THEOSOPHY, Vol. 44, No. 3, January, 1956
(Pages 119-123; Size: 15K)

BEST OF ALL WORLDS(1)

Of all the gifts the gods can give,
Not to be born is best of all!

                    --ARISTOPHANES

THE mysteries of Life and Death have been fathomed but by the great master-minds of antiquity. If, however, the sages have preserved them in secrecy and silence through long ages, it is because these problems formed part of the sacred mysteries, and again, because they must have remained incomprehensible to the vast majority of men then, as they do now. Life is at best a heartless play, a stormy sea to cross, and a heavy burden often too difficult to bear. The greatest philosophers have tried in vain to fathom and find out its raison d'étre, and have all failed except the Eastern sages, who had the key to it.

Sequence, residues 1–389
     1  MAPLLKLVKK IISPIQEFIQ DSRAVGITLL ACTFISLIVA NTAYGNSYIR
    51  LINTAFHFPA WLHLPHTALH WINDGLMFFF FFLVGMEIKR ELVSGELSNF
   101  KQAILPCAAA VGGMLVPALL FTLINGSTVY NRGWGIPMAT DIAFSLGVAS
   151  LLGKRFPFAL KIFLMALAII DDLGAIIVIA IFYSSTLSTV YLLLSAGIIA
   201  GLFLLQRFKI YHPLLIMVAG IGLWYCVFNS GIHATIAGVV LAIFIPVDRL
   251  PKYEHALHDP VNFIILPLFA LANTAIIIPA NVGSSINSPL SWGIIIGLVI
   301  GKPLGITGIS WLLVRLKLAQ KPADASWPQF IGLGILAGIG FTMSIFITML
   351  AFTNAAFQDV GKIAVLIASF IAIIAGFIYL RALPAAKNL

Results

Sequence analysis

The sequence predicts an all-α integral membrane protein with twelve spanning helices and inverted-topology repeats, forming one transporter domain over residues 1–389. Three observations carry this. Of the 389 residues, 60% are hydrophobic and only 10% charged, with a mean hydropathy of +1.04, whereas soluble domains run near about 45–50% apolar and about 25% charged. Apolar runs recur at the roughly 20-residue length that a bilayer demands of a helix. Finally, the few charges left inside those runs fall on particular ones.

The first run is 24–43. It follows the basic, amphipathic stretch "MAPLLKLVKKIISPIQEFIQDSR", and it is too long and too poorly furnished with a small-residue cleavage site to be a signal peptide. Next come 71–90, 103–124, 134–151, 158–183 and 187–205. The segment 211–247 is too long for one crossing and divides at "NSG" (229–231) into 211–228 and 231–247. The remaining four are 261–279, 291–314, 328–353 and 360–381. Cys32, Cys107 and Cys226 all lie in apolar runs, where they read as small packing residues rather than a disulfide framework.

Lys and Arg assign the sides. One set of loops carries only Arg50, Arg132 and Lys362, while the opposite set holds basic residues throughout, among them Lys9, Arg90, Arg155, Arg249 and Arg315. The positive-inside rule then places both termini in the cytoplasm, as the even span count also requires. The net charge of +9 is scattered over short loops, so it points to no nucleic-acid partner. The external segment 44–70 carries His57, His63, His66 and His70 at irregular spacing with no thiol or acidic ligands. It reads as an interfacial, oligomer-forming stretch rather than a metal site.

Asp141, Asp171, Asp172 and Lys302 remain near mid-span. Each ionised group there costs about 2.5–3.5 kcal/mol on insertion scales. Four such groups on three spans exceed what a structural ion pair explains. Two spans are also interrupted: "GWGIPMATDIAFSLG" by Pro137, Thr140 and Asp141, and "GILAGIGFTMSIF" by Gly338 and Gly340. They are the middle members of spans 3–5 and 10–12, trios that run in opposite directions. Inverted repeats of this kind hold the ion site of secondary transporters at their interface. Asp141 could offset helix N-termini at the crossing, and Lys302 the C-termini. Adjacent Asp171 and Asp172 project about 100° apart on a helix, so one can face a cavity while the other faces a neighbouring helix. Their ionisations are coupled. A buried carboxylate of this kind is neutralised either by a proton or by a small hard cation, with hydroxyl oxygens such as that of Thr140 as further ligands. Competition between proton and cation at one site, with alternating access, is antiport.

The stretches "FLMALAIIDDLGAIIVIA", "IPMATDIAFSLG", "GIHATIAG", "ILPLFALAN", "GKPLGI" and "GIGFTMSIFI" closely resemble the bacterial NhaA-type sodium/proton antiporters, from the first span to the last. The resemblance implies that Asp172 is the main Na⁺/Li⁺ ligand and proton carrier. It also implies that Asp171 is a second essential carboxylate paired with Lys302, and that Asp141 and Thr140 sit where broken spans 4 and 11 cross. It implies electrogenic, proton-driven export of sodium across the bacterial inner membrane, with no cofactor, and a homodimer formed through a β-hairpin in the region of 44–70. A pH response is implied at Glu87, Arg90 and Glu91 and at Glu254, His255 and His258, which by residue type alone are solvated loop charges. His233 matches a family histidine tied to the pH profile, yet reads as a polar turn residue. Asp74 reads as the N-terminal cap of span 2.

This is the Kali Yuga, the black age, which reigns now supreme in India, and seems to coincide with that of the Western age. It is an age "black with horrors." In the esoteric philosophy of Northern Buddhism our Earth (Myalba), is called Hell for those who reincarnate into it for punishment. The same philosophy teaches the doctrine of the 12 great Causes of Misery (Nidanas) which bring the universes and each being periodically back into life. The 12 Nidanas are said to belong to the theory of the stream of catenated law which produced merit and demerit, and finally brings Karma into full sway. It is based on the great truth that reincarnation is to be dreaded, as existence in this world only entails upon man suffering, misery, and pain; Death itself being unable to deliver man from it, since death is merely the door through which he passes to another life on earth after a little rest on its threshold -- Devachan.